Age Discrimination at Wells Fargo and Other Banks

We receive more and more calls from potential clients in the banking industry, and especially from Well Fargo Bank, who believe that they are being mistreated, discriminated and disciplined because of their age. While some of those claims don’t have much merit, in some cases there is significant evidence that the reason that an employee is mistreated is his or her age. This is particularly prevalent in sales and IT departments, but for two different reasons:

Age Discrimination in Sales

Age Discrimination in sales and marketing is mostly driven by the fact that companies won’t to put the prettiest, the youngest and the most energetic people to the front line to interact with their customers, primarily for “aesthetic reasons”. This is not a defense to an age discrimination lawsuit, but for some banks it’s worth taking the risk of facing liability for discrimination for the sake making its sales teams younger and more physically attractive.

Age Discrimination in IT Departments

The discriminatory treatment of older employees in IT departments of various banks is driven by this stereotype and largely unfounded belief that older people are not up to date with the most current technology and are less inclined to keep up with the newest and the latest in IT. This is the reason why some of the more common evidence of age discrimination in the tech world is such statements by managers to older employees as: “you are too old school” and “your ways of thinking are outdated or not relevant anymore” or “you should really consider moving your ways of thinking into this, 21st century.”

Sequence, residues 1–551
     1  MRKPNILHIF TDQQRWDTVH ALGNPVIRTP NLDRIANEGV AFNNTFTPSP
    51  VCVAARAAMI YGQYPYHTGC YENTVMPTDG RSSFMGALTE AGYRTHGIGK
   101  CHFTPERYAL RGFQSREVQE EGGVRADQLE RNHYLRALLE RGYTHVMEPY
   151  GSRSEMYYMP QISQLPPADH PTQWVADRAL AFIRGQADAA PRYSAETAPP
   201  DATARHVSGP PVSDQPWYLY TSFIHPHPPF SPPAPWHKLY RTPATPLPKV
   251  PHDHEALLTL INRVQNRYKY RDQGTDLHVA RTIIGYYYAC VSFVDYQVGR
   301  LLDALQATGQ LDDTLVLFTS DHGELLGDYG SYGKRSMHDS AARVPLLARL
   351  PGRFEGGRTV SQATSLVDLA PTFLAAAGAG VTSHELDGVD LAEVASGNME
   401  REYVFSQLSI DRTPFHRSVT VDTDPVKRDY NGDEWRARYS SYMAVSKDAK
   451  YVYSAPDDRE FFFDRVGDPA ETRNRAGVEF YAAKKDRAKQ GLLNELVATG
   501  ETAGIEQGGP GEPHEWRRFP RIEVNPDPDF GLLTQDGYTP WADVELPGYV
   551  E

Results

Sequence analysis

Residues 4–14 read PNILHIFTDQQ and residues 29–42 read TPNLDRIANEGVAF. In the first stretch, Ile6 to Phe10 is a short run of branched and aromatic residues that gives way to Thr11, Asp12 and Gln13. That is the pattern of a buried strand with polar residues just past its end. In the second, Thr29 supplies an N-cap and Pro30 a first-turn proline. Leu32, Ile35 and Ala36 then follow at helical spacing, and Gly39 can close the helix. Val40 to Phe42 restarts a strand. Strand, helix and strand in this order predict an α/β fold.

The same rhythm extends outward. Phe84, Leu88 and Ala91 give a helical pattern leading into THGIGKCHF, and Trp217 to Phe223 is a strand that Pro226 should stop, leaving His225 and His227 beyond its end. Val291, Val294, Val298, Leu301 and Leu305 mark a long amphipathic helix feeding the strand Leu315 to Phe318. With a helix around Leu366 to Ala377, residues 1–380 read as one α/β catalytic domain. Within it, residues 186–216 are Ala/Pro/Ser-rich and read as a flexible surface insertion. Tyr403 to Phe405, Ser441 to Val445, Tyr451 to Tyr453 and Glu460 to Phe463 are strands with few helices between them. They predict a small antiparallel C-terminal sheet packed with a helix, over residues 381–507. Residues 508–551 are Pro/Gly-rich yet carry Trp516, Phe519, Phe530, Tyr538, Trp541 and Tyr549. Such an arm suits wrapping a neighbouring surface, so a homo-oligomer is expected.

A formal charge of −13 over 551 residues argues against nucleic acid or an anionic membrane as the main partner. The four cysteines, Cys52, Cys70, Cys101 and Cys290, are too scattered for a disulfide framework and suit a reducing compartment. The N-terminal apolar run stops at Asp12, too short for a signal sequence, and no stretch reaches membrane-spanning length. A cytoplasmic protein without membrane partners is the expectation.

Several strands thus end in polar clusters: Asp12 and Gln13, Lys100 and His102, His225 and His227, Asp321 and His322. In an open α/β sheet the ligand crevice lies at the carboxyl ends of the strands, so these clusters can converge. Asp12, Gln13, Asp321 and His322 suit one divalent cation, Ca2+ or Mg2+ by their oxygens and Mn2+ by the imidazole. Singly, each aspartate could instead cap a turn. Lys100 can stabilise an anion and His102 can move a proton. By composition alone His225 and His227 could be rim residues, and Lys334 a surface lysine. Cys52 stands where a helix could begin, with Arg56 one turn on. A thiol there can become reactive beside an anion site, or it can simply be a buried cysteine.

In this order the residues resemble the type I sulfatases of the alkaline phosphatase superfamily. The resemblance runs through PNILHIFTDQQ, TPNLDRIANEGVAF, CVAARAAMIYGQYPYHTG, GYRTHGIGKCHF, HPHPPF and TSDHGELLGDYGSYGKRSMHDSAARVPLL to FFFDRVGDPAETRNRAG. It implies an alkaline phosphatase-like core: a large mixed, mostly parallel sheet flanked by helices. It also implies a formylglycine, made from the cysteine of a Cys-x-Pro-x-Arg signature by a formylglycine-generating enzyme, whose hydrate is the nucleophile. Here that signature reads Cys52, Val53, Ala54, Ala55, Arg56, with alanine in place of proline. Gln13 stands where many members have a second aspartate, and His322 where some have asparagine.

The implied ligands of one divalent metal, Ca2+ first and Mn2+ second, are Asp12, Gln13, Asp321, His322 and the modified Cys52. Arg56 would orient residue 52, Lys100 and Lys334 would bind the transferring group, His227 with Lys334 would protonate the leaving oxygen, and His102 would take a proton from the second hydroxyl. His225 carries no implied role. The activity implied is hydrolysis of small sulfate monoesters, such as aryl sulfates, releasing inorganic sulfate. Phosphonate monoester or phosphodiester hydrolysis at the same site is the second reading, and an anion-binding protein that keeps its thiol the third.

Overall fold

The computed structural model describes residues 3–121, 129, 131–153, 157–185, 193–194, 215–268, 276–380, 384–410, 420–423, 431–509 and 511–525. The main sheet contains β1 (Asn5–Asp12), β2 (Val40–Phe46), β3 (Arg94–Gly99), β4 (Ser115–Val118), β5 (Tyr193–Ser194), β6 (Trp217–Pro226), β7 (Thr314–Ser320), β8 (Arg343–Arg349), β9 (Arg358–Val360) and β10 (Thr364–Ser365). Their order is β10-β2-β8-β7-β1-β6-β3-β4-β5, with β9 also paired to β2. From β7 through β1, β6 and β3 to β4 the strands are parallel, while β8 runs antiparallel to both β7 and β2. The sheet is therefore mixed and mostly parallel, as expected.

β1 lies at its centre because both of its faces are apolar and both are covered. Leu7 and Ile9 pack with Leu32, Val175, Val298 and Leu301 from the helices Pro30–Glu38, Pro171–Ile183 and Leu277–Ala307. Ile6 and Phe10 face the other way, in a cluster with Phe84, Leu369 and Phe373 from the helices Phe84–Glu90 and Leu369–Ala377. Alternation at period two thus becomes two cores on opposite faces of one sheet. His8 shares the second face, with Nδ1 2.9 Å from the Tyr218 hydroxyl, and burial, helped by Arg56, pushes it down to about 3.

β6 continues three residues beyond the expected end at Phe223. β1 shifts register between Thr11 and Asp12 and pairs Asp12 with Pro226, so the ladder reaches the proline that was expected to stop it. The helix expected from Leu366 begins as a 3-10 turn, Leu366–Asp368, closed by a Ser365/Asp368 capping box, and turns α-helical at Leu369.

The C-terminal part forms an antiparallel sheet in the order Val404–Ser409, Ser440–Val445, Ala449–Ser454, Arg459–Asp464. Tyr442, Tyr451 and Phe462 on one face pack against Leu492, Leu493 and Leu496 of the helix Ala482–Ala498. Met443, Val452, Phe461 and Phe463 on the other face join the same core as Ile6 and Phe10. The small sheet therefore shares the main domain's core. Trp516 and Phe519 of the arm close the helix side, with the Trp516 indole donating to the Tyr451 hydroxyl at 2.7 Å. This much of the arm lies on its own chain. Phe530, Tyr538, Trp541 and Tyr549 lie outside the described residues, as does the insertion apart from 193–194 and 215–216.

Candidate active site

Employers Are Tempted to Replace Older Workers with Younger Ones In Order To Save Money

Employers can pay recent college grads much less, and sometimes half of what they would pay to a professional who is both senior in his industry and approaching being senior age wise. Employers can also save on healthcare costs and other benefits, since younger employees generally have fewer health problems and also take less time off due to being sick. However, trying to save on wages is also not a defense to age discrimination.

Employers are Encouraged to Discriminate Against Older Workers Because Age Discrimination is Difficult to Prove in Court

One other reason that employers are tempted to terminated older employees is because they know how difficult it is to prove age discrimination in court. Therefore, managers come up with all kinds of reasons for terminating older employees – from false and fabricated write-ups to “lay-offs” and “restructuring” during which they conveniently remove older worker to only replace them with significantly younger workers a few weeks or months later.

Nevertheless, an experienced, competent employment attorney will go through all the facts and circumstances of discriminatory treatment or termination of an older worker to see if the likely reason for termination or demotion was due to age and thus unlawful.